As we get into Day 3, though, the question of Adams' survivability is moving rapidly in new directions, and becoming a lot less clear. There's an accumulative piling on effect, and it could make Adams' position untenable in short order. There are four factors here: The fact that he lied; that he lied about the whole case in response to charges from a fellow candidate for mayor, developer Bob Ball, which led to Ball's statements being dismissed as untrue; acknowledgment that another part of his story (relating to mentoring) was untrue as well; and the appearance at least that as a city council member he hired away a reporter at the Portland Mercury who was working on the story, essentially to quash it. The line between private activity and abuse of office has gotten a little blurrier.

There's a recall effort underway; the grounds: "1. Alleged illegal sexual misconduct with a minor under the age of 18; 2. Alleged ethical misconduct during his mayoral campaign of 2008 by making false statements; 3. Alleged ethical misconduct by encouraging others to lie about his own misconduct; 4. Alleged ethical misconduct by awarding city jobs to members of the media that were reporting, or were professing to report, this issue." That effort is somewhat stymied, though, because under state law elected officials cannot be recalled until they have served at least six months in office.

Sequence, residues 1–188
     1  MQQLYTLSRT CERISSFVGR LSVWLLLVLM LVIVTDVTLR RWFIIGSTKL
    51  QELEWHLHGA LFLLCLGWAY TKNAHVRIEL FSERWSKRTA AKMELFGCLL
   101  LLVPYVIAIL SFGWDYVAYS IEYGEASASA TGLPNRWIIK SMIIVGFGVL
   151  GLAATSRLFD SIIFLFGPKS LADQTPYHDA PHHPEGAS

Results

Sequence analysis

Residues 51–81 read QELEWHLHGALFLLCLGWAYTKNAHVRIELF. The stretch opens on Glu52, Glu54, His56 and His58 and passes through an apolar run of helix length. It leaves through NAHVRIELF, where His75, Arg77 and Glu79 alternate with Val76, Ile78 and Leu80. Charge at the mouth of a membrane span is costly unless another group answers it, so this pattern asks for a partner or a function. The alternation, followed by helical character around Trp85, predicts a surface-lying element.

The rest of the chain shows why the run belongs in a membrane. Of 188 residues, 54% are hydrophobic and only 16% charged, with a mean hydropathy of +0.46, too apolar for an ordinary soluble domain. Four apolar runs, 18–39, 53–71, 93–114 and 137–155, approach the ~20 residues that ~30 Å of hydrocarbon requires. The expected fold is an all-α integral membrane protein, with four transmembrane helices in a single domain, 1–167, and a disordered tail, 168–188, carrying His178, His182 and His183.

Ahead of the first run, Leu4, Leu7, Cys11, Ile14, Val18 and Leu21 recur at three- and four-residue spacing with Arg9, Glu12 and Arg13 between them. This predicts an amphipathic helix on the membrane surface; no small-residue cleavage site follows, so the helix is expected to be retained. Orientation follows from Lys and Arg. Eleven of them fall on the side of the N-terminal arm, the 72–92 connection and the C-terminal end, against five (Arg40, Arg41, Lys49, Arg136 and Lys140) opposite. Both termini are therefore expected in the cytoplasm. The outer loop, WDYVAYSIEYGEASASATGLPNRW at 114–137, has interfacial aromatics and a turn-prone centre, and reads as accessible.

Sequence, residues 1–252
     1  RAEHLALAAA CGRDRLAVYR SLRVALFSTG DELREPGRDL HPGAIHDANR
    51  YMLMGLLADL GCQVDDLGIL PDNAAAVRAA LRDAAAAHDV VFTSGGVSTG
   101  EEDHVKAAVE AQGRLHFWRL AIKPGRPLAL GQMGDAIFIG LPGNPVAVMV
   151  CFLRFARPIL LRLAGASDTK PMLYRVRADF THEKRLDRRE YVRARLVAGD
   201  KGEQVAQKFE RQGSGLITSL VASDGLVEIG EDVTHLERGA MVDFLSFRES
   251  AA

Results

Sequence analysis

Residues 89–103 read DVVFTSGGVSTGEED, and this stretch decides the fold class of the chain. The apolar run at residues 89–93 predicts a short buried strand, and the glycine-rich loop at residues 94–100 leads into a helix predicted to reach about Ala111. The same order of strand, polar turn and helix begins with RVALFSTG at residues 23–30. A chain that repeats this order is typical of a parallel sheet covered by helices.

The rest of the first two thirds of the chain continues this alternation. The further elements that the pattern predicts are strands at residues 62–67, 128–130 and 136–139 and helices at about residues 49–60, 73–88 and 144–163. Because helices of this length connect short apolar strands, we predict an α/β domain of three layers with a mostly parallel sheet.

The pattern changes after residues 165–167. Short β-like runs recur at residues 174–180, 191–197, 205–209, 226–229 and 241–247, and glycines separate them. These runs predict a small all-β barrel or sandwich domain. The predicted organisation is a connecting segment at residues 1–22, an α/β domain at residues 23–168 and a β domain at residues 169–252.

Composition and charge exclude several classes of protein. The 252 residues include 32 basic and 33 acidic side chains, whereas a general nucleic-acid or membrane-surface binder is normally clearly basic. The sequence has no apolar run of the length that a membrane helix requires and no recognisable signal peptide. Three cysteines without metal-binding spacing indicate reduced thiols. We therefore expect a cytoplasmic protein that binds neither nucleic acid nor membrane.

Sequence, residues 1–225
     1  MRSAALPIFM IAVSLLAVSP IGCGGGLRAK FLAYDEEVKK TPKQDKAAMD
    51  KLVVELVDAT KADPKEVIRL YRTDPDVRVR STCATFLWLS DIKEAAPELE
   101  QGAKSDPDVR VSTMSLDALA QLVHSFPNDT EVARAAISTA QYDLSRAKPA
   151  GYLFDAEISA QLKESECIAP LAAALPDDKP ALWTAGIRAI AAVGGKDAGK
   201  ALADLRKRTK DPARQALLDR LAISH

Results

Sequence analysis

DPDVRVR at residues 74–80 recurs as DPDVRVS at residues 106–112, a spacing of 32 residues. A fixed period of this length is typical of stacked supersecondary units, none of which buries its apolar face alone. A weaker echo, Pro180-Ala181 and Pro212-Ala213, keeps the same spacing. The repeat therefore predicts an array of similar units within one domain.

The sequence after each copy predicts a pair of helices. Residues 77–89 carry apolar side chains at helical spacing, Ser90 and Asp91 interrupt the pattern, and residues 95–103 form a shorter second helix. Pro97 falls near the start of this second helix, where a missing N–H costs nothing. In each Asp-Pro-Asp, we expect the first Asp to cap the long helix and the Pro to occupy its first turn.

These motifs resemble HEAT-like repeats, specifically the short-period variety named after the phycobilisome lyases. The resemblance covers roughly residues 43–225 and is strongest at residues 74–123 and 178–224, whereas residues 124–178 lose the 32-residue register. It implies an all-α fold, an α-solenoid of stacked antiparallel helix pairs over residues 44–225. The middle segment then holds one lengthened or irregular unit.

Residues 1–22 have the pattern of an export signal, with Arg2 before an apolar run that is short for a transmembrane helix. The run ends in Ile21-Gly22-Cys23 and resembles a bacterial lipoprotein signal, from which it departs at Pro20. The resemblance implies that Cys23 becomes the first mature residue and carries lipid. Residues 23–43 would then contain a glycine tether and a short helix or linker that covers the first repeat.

Although there's been no specific allegation of an illegal act, a state attorney general's inquiry is under way. Multnomah County is doing likewise.

And the news media is all over the story. The print Oregonian this morning had six news stories about Adams' scandal this morning - probably more space devoted to it in the local section than to everything else there put together - along with an editorial concluding: "He's already said he doesn't plan to quit, but we submit that it is not in the city's interest to have a mayor who cannot vouch for his own character under fire. He should resign." The Portland Tribune called for resignation too. And so have piles of letters to the editor around the area.